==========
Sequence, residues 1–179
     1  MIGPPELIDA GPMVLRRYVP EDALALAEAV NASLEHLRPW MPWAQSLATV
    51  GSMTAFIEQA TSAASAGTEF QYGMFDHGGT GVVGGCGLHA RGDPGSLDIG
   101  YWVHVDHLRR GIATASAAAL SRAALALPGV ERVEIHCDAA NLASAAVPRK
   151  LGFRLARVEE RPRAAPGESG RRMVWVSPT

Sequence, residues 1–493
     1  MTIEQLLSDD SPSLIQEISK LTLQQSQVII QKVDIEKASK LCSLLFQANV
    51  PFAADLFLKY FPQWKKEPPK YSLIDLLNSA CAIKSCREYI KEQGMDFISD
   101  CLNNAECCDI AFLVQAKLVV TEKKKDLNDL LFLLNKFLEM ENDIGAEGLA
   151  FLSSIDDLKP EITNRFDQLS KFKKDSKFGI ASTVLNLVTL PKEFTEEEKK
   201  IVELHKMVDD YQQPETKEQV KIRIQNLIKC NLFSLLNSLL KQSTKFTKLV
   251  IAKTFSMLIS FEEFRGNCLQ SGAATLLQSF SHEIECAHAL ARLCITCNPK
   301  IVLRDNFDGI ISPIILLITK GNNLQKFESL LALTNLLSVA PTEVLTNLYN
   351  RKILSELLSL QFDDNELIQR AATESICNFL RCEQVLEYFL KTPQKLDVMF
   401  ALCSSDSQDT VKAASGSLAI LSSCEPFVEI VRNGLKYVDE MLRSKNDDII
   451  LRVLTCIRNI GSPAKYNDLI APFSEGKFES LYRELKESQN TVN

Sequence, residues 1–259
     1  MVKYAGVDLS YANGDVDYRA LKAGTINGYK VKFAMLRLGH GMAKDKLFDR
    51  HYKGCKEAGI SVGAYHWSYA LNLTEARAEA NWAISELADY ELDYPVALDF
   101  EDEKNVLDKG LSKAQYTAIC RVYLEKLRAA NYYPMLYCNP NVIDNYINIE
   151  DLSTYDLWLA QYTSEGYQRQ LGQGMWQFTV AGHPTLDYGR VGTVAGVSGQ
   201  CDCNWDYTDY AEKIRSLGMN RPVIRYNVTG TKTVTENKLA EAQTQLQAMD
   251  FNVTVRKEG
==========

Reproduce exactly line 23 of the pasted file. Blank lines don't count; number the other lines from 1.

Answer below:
   251  FNVTVRKEG